The big burst of spring color is happening. I love this time of year perhaps even more than fall, because these colors represent new growth and rebirth. In the spirit of personal growth and rebirth, I convinced myself to go for a run this morning, and I even made it over four miles. I had not been running for a while; for some reason I was not excited about it this spring and the excuses were flying everywhere. So instead of fighting it I gave myself a break, with the promise that I would return to running...when I was good and ready.

It was one of those dramatic skies. Morning had dawned clear and blue and sunny, but the clouds started rolling in about the time I decided to go running. If I had waited ten minutes, I may have decided the wind was too much...which is of course another excuse. As it turned out, I had a great run despite the wind, and I even put up with holding the camera in one hand the entire way so I could take pictures of the ever changing skies and the spring color. These tamaracks are definitely a bit wind-tossed.

Marsh marigolds are blooming in profusion, a week or so earlier than normal. These were just up the road from my house, in an area where there are flowing springs in the ditches. I was wondering if that was watercress next to the marsh marigolds.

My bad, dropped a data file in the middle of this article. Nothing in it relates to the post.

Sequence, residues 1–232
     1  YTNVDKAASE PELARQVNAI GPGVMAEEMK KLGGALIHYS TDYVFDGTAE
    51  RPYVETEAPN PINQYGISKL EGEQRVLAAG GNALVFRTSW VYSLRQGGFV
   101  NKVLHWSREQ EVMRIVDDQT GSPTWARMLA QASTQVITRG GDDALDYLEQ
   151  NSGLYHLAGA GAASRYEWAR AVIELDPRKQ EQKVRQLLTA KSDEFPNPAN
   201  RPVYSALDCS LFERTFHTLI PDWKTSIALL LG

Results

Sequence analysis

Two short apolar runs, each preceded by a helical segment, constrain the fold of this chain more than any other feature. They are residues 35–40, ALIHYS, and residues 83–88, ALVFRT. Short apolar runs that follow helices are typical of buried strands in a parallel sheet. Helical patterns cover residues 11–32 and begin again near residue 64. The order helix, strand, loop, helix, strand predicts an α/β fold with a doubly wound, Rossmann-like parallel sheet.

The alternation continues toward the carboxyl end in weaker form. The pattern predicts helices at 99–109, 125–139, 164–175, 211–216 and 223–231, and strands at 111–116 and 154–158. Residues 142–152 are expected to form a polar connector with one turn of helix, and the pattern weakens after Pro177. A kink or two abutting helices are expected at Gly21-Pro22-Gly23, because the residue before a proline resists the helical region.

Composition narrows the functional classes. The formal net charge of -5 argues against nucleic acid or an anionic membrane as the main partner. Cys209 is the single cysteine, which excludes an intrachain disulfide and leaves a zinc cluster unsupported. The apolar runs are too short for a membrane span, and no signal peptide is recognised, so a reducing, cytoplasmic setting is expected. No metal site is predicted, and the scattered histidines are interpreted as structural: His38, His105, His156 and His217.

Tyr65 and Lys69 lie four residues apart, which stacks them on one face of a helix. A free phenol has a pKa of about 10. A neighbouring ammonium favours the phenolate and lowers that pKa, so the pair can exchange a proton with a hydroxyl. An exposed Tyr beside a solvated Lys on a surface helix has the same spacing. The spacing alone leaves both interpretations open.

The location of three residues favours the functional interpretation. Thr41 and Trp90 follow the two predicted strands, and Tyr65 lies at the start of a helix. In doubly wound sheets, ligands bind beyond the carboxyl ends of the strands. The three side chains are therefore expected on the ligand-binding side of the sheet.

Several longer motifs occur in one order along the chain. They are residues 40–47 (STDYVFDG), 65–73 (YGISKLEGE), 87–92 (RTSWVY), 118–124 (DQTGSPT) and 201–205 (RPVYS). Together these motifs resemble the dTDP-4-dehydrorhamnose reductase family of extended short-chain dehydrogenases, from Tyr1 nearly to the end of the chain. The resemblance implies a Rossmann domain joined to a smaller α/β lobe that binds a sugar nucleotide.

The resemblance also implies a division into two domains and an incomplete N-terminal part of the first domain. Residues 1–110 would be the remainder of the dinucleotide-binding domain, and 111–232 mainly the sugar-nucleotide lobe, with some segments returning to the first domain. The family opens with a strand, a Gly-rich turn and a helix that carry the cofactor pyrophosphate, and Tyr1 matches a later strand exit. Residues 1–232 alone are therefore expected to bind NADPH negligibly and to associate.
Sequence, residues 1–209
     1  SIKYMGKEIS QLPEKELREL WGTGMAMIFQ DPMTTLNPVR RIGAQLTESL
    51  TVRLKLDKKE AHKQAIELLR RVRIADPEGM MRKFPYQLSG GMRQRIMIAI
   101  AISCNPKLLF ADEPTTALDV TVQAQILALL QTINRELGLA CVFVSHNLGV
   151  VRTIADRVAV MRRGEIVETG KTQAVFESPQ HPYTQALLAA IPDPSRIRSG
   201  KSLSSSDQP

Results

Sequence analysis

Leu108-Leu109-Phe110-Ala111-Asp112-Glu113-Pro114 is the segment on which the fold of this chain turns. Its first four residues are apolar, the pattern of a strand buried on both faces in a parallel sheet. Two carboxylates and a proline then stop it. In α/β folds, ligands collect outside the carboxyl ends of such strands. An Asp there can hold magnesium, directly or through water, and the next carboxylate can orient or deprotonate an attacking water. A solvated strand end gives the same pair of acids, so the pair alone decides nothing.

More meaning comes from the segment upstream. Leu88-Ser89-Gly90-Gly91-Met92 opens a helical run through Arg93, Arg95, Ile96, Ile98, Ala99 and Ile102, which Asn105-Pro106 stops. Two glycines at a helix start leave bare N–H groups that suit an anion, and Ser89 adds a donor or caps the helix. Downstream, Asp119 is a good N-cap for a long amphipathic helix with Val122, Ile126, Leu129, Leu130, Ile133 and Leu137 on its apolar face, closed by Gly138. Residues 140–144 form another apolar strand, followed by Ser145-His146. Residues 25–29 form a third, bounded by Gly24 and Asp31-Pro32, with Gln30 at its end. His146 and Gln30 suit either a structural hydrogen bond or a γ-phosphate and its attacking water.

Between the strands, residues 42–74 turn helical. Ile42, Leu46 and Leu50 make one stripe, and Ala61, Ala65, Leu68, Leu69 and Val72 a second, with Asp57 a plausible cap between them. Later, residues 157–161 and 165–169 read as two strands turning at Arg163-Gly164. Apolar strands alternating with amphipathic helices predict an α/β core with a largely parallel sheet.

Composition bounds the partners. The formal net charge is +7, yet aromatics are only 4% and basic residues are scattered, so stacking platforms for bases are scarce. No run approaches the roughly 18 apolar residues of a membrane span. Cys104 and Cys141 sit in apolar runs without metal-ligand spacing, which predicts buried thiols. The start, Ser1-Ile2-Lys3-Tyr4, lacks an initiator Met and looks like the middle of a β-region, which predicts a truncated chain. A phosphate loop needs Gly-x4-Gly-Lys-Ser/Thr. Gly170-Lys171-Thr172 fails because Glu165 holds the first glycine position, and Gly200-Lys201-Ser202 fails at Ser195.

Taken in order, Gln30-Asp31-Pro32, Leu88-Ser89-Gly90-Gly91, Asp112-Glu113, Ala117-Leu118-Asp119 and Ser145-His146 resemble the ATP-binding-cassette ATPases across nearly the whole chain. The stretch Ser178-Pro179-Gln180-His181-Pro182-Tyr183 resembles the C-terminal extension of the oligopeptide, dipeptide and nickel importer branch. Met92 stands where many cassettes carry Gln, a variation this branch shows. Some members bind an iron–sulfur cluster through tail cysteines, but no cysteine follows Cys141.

I have been feeling the spring metamorphosis in another aspect of life--my music. In the past month or so I have played my instruments more than in perhaps the last six months total. Sure I have talked a lot about my musical efforts on this blog, but until now something was missing, that personal commitment to make music a part of life rather than just a hobby I participated in once in a while. I always had reasons/excuses why I wasn't making it happen. But for whatever reason, that has changed. Yesterday I took the day off work and played guitar, banjo, and mandolin from about 9 AM-3 PM or longer. I worked through some fundamentals on guitar, learned some new chords and scale patterns, and learned another Greg Brown song (Billy From the Hills). I don't know where I'm going with this, but for now I don't care. I'm finally breaking down the personal barriers to doing what I love, and I think good things will happen with it.